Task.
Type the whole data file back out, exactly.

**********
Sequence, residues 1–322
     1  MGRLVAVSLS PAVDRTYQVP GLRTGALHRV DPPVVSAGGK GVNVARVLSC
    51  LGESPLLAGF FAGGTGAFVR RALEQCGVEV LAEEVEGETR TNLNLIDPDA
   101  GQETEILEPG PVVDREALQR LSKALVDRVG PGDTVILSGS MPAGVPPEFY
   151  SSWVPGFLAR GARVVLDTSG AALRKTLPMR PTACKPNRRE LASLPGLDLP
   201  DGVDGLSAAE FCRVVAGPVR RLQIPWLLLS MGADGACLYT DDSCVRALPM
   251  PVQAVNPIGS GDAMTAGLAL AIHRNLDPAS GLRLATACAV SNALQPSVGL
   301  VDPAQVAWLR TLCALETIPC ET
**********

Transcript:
Sequence, residues 1–322
     1  MGRLVAVSLS PAVDRTYQVP GLRTGALHRV DPPVVSAGGK GVNVARVLSC
    51  LGESPLLAGF FAGGTGAFVR RALEQCGVEV LAEEVEGETR TNLNLIDPDA
   101  GQETEILEPG PVVDREALQR LSKALVDRVG PGDTVILSGS MPAGVPPEFY
   151  SSWVPGFLAR GARVVLDTSG AALRKTLPMR PTACKPNRRE LASLPGLDLP
   201  DGVDGLSAAE FCRVVAGPVR RLQIPWLLLS MGADGACLYT DDSCVRALPM
   251  PVQAVNPIGS GDAMTAGLAL AIHRNLDPAS GLRLATACAV SNALQPSVGL
   301  VDPAQVAWLR TLCALETIPC ET